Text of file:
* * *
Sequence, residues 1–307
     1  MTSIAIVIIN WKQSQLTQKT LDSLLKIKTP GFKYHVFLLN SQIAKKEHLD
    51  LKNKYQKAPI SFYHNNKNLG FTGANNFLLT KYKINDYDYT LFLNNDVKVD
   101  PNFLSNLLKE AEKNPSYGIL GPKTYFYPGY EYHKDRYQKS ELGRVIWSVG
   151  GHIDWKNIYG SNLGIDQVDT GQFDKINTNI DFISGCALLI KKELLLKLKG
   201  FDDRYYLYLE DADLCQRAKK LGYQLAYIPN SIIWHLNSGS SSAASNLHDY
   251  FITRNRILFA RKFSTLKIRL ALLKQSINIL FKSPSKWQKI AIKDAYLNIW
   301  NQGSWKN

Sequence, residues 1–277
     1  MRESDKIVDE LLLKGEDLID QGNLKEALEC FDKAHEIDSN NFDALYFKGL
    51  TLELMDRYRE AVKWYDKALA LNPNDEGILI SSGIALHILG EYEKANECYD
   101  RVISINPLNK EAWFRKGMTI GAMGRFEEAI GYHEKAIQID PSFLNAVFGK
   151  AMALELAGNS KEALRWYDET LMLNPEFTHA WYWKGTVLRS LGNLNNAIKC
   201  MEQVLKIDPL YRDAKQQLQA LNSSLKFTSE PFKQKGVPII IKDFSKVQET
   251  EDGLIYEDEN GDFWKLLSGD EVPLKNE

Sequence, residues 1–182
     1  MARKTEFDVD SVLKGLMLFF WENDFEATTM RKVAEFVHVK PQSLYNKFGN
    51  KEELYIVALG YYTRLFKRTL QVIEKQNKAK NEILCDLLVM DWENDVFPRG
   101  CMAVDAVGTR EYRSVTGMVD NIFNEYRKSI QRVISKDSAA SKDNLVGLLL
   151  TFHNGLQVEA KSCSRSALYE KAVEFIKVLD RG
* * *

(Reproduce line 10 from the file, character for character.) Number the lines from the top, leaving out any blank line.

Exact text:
     1  MRESDKIVDE LLLKGEDLID QGNLKEALEC FDKAHEIDSN NFDALYFKGL